I think it is a good idea to have live teaching auditions - no matter what the paper credentials, some with subject matter expertise and high test scores simply cannot connect with the students for whom they are being considered as teachers.  I had this experience with a student teacher who was a 4.0 junior phi beta kappa - it became clear when he did some lessons in isolation that he was frustrated with students who didn't take what he was offering as seriously as he did, and rather than adjust his instruction to find a way to connect with them let his frustration show, which simply made the kids turn him off almost completely.  He quit before he was due to take over fulltime instruction for a period of about 6 weeks.  

I have some concerns about the validity of the 90th percentile on such measures as are being used.  I do not think they bear any relevance to the task you are asking them to take on.  Here I note that my own scores would qualify me as well above the 90th percentile, and are totally irrelevant to my effectiveness as a teacher.   My passion for my subject makes an important difference, to be sure.  What is most important is my willingness to pay attention to my students, to recognize where they are academically, and to adjust my instruction so that I am challenging them to go beyond their current level but in a way that does not seem to them to be totally out of reach.  I think the test score bit is artificial and may cost him some potentially outstanding teachers.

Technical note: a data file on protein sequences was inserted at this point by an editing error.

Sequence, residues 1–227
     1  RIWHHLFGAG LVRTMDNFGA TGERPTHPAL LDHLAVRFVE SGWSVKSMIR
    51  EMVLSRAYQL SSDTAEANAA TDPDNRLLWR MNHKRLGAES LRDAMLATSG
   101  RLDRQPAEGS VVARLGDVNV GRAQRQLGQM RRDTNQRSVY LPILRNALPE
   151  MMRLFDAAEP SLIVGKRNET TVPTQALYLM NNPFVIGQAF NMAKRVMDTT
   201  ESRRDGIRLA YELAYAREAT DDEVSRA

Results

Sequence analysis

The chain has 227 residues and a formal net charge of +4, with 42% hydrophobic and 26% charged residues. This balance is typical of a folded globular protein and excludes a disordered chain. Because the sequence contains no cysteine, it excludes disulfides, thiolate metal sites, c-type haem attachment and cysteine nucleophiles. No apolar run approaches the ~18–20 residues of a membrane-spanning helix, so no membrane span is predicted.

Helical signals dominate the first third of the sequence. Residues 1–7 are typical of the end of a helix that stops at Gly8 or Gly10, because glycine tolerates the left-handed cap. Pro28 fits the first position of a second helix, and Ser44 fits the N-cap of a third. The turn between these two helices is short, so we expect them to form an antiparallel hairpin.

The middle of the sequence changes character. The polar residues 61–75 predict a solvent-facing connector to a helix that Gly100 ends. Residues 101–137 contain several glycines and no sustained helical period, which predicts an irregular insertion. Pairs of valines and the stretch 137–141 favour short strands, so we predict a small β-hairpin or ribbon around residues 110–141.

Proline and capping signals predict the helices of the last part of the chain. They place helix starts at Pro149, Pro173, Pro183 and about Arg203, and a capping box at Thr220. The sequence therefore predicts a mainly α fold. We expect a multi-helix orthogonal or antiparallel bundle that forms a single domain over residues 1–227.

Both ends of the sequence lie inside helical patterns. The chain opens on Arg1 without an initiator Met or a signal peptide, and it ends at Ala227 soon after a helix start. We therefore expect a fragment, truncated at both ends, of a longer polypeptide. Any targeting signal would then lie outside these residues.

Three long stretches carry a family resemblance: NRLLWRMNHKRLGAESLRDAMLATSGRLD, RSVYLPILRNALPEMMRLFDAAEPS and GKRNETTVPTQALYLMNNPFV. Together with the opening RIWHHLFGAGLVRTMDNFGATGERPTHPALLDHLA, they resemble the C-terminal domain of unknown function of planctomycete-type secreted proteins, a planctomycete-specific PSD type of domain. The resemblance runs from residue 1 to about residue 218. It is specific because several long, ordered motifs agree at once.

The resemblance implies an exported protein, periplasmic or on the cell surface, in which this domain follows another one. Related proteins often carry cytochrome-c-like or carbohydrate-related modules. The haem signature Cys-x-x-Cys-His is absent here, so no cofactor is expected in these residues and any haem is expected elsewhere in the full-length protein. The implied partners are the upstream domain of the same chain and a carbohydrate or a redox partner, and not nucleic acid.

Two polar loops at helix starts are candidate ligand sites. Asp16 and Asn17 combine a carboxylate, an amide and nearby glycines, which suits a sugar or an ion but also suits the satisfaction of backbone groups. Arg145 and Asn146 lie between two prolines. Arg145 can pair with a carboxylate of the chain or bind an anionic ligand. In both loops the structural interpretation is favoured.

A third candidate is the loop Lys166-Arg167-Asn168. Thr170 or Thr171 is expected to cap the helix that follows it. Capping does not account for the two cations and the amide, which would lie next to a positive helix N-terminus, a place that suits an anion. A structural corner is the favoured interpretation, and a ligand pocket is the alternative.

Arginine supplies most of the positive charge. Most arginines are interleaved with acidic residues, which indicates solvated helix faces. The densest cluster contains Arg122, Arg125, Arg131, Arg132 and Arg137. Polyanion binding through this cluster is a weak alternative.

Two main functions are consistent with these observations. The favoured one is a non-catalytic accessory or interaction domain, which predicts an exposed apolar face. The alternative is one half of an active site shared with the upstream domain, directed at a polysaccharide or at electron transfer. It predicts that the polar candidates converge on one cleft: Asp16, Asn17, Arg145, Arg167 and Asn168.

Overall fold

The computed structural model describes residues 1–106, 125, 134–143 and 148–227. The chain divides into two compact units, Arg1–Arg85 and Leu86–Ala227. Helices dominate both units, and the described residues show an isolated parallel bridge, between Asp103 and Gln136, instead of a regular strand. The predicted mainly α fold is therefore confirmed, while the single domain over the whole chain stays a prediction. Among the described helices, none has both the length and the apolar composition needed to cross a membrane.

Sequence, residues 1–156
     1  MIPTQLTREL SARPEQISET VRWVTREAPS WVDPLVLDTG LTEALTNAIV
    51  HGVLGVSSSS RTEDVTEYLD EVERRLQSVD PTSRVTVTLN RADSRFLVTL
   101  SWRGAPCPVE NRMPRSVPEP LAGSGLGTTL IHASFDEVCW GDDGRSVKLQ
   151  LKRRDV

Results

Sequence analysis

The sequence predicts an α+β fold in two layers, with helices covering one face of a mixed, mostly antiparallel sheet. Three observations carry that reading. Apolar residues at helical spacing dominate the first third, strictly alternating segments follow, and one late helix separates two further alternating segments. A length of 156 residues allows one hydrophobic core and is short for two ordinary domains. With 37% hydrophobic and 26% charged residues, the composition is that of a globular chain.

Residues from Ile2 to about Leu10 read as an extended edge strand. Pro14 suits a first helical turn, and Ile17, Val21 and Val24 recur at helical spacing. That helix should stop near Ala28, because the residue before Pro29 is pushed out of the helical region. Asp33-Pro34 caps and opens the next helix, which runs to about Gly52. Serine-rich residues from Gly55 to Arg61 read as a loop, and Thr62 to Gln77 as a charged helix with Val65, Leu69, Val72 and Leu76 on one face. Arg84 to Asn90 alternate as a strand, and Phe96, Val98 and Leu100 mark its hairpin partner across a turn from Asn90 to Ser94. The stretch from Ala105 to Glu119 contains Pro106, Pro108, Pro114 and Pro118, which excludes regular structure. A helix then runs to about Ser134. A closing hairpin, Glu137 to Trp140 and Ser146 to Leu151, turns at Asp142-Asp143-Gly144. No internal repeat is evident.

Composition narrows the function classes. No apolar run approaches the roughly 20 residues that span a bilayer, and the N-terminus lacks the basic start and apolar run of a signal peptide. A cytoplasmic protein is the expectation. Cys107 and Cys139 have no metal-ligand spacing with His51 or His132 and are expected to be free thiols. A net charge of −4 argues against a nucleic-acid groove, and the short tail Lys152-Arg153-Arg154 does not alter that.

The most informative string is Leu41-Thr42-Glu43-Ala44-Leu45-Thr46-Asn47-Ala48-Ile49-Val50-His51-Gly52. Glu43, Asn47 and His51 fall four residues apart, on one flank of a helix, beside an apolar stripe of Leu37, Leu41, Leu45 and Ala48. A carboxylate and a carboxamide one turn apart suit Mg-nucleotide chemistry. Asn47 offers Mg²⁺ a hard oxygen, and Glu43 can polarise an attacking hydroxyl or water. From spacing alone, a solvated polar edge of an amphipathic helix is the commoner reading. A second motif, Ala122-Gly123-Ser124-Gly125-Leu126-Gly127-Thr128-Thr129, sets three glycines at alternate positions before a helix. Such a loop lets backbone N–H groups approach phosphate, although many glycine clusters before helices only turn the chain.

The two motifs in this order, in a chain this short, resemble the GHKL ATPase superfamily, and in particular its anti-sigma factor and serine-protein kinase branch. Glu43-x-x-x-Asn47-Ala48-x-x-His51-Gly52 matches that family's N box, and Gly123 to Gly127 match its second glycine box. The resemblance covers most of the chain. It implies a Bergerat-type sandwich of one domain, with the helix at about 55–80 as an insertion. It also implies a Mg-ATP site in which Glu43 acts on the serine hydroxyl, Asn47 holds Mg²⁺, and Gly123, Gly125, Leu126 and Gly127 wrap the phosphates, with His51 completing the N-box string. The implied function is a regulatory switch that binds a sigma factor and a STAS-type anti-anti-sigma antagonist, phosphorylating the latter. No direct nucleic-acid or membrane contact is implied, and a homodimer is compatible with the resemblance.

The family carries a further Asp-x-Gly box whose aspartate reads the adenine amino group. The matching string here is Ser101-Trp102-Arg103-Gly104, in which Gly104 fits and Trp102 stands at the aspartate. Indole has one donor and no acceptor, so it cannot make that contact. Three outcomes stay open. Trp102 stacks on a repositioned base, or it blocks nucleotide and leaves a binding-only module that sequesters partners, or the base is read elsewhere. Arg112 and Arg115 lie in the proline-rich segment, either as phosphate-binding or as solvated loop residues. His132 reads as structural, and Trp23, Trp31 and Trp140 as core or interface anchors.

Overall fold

The higher pay is a good idea, especially in a high cost environment like new York City.  And I will certainly never argue with the idea of paying good teachers more.  While I am not poorly paid, being given an extra $7,000 annually for my national board certification, I still make significantly less than he will pay his teachers, and would certainly never turn down a significant pay increase.

I agree that skillful teachers can do an effective job with 30 students.  This year my largest class is only 24, but I have taught as many as 36 in one room.  I can do so effectively, but there is still potentially something those students lose, which is the amount of class participation.  With 24 students I can almost in one 45 minute period get everyone participating in a discussion, if I can keep it going at a very fast pace.  But, and this is quite important, not all students learn best in such a fast-paced environment.  Some need some dead time, some more time to form their thoughts.  

The caution I have is that Vanderhoek poses what I believe is an artificial dichotomy between having effective teachers and having smaller classes. This dichotomy exists only because we accept the limits of how much we are willing to spend on instructing our young people.  Were the task as important as we claim it is, we would examine the best way of achieving it and then find a way of paying for it.  If we determine that in order to have quality teachers we need to pay them more, why should it be at the expense of class sizes that we know provide a better learning environment for many of our students?

Having offered my caveats, I will be interested in seeing the results of this experiment.  And I look forward to other experiments in how we educate our children.  And as I do so, I would like to remind all who took the time to read this that there cannot be ONE way of doing so, because there is such variety among our students.  Our tasks as teachers is to find the most effective way - from the perspectives and needs of the students, not for the efficiencies and perspectives of the adults - of meeting the educational needs of the young people who are the future of our society.


Originally posted to teacherken on Fri Mar 07, 2008 at 04:03 AM PST.